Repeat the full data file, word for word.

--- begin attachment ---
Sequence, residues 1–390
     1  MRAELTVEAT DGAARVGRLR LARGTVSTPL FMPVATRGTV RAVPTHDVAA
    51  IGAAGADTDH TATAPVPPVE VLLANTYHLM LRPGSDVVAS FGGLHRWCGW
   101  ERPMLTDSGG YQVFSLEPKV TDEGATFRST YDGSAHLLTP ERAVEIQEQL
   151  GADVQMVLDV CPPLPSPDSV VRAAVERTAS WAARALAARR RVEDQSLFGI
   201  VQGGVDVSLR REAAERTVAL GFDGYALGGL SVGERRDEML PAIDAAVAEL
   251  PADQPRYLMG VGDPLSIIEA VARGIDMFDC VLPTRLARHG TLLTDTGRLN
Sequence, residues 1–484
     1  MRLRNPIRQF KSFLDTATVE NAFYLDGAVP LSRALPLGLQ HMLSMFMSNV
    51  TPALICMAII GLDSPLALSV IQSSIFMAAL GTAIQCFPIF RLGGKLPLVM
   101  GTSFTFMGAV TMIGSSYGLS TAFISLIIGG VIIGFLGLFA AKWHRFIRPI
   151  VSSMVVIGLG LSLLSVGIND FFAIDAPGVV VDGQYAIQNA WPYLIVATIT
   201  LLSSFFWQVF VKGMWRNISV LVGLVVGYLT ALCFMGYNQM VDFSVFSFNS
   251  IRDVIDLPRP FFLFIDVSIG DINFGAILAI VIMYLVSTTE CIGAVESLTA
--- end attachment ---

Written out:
Sequence, residues 1–390
     1  MRAELTVEAT DGAARVGRLR LARGTVSTPL FMPVATRGTV RAVPTHDVAA
    51  IGAAGADTDH TATAPVPPVE VLLANTYHLM LRPGSDVVAS FGGLHRWCGW
   101  ERPMLTDSGG YQVFSLEPKV TDEGATFRST YDGSAHLLTP ERAVEIQEQL
   151  GADVQMVLDV CPPLPSPDSV VRAAVERTAS WAARALAARR RVEDQSLFGI
   201  VQGGVDVSLR REAAERTVAL GFDGYALGGL SVGERRDEML PAIDAAVAEL
   251  PADQPRYLMG VGDPLSIIEA VARGIDMFDC VLPTRLARHG TLLTDTGRLN
Sequence, residues 1–484
     1  MRLRNPIRQF KSFLDTATVE NAFYLDGAVP LSRALPLGLQ HMLSMFMSNV
    51  TPALICMAII GLDSPLALSV IQSSIFMAAL GTAIQCFPIF RLGGKLPLVM
   101  GTSFTFMGAV TMIGSSYGLS TAFISLIIGG VIIGFLGLFA AKWHRFIRPI
   151  VSSMVVIGLG LSLLSVGIND FFAIDAPGVV VDGQYAIQNA WPYLIVATIT
   201  LLSSFFWQVF VKGMWRNISV LVGLVVGYLT ALCFMGYNQM VDFSVFSFNS
   251  IRDVIDLPRP FFLFIDVSIG DINFGAILAI VIMYLVSTTE CIGAVESLTA